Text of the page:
PILATES AND BACK PAIN
Many people that we see in the clinic suffering from back pain, neck pain or any other musculo-skeletal ailment often have an underlying cause for their imbalance. If the body is not capable of holding itself efficiently then it cannot function properly. Pilates helps to address the underlying structural imbalances in the body.
We often talk to them about Pilates or Core Strength exercises and can guide them through some simple ways to improve their core strength. This helps them back to optimal spinal health.
The core is essentially defined by the abdominal wall, the spinal musculature, the pelvic floor and the diaphragm. In other words, the area below the ribs down to the hips is your core. There are many muscles that are essential for movement and good posture within this area and Pilates helps you to work on these.
People often talk about posture and think they have poor posture. What they mean is their ability to align all of the different parts of their body properly. Good function is more than this though because we don’t often stand still. We need good alignment or good posture whenever we move. We need a good dynamic posture. This allows the body to function normally and allows it to perform daily tasks more efficiently.
The muscles which are largely forgotten are often the most important. Many of us wish we didn’t have a flabby tummy but instead wish we had a flat “six pack”. This leads us to hold our tummies in using our six pack muscles (rectus abdominis). Unfortunately, the muscles we should be using are much deeper than this and cannot readily be seen. Developing core strength allows the correct muscles to be strong and work together well. It allows them to work to their optimum level at the right time.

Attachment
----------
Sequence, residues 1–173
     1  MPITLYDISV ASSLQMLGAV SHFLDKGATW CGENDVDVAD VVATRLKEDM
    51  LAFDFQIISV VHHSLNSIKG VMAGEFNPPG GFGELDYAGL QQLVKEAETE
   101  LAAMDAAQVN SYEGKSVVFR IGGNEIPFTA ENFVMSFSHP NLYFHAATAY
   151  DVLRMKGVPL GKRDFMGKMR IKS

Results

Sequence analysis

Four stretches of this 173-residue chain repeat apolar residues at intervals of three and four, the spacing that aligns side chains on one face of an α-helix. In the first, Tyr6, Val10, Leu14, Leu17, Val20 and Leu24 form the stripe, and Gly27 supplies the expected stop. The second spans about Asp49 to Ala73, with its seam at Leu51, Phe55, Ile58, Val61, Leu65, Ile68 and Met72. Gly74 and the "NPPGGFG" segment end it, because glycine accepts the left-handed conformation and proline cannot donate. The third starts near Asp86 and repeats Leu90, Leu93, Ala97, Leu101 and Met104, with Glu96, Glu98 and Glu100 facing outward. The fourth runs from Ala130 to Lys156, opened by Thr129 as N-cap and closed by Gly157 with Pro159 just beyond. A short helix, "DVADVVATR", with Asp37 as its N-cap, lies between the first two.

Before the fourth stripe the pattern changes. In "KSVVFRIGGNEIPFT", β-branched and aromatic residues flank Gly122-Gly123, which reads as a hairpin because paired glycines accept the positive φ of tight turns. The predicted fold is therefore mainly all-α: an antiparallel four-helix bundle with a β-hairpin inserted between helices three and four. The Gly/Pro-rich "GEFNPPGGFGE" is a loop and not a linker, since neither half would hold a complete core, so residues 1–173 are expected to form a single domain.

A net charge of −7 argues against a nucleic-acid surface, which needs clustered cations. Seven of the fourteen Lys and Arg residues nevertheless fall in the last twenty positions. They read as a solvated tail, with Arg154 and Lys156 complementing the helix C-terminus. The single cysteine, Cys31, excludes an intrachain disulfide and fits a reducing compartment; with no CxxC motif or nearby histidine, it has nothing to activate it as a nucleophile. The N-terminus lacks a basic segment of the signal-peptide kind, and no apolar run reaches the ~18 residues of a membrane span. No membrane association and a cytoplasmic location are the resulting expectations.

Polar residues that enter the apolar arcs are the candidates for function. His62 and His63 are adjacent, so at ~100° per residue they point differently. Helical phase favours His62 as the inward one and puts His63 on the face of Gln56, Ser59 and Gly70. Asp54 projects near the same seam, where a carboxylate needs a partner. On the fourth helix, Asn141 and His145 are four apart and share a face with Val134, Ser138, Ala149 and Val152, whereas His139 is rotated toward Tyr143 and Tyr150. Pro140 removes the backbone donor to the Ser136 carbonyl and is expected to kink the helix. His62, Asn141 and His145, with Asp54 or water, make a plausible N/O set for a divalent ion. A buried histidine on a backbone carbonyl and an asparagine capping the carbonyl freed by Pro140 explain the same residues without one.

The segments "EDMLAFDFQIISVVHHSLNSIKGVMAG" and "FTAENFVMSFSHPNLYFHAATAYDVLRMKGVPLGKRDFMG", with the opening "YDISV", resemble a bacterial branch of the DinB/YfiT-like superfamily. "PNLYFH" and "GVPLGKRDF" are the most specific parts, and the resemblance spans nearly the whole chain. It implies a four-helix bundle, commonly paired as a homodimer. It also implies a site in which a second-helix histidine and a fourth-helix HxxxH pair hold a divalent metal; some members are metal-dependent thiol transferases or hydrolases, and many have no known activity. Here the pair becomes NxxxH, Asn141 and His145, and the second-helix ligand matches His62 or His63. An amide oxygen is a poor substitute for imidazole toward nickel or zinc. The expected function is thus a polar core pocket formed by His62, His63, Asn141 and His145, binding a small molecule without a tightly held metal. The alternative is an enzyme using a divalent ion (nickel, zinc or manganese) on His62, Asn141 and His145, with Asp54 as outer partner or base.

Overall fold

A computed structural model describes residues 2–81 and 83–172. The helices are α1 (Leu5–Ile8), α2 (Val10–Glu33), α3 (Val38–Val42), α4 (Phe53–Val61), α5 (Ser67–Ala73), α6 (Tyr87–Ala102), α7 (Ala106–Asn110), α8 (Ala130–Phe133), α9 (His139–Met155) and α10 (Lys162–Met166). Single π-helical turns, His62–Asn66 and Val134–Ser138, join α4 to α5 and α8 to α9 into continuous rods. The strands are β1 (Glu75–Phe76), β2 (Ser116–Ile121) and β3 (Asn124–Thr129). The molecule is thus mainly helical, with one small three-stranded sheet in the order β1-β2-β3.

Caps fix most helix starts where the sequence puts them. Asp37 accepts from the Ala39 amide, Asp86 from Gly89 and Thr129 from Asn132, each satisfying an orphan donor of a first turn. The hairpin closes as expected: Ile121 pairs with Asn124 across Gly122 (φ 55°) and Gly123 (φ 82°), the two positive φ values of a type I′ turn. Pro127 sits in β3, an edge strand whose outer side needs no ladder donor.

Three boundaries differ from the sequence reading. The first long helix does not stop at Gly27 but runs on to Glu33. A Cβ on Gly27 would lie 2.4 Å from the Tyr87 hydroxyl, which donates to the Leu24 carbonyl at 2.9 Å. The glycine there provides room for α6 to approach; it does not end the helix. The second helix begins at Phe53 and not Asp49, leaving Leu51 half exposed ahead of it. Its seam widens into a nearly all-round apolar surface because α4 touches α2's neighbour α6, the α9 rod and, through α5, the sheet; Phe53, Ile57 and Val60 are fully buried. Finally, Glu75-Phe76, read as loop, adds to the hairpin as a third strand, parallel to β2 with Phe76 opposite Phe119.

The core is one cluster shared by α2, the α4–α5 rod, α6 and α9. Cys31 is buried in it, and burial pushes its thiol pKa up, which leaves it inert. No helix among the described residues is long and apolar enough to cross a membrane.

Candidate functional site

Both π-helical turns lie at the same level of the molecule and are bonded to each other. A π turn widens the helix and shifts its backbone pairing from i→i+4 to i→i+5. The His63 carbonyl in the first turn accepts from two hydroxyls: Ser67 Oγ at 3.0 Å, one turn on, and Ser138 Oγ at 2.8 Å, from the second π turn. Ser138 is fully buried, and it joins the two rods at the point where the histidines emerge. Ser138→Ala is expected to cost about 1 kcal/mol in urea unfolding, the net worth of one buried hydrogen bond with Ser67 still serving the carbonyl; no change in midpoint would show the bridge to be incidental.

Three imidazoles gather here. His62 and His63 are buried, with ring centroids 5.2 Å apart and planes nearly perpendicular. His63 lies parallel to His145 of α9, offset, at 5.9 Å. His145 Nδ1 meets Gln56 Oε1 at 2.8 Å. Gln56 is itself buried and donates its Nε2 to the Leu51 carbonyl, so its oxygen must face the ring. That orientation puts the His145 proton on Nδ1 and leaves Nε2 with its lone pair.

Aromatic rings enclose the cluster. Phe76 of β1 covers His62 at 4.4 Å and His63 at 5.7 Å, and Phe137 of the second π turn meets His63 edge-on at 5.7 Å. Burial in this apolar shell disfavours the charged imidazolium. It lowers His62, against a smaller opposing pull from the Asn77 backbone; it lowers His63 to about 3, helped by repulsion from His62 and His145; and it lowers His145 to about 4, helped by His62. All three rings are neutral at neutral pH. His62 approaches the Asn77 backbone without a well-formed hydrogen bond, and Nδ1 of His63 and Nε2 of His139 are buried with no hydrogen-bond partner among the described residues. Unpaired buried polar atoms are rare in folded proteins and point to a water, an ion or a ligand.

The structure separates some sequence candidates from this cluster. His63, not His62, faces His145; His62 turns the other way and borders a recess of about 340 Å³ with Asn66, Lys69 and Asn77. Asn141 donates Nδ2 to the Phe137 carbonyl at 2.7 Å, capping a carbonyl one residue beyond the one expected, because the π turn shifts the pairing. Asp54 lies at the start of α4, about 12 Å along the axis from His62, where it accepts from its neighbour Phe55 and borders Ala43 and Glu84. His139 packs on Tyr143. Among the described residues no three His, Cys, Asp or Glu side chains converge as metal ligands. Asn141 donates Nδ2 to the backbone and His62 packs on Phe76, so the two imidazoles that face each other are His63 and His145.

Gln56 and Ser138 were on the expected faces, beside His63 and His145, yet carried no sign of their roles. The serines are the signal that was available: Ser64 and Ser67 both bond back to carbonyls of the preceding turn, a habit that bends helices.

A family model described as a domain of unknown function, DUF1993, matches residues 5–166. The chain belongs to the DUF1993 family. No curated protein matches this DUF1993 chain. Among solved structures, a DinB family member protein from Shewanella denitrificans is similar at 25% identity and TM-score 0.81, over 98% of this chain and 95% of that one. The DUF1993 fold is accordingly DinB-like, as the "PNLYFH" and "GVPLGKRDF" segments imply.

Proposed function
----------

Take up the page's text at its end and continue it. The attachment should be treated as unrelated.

By increasing the efficiency of the body’s movement and reducing the strain on the spine and joints we give our body the chance to become more flexible. It no longer has to work to hold you back from potential injury but can stretch confidently, in the right direction, supported correctly by the other muscles and can achieve better flexibility.
Because we sit for hours in front of computers or do lots of lifting in our jobs we put a great deal of strain on our body without providing it with the strength to be able to cope with those demands. We also ask it to perform tasks outside of work that are totally different to the ones it is used to doing. For example, commonly people sit at the desk all week then go and dig the garden at the weekend. Consequently many people suffer greatly with back pain.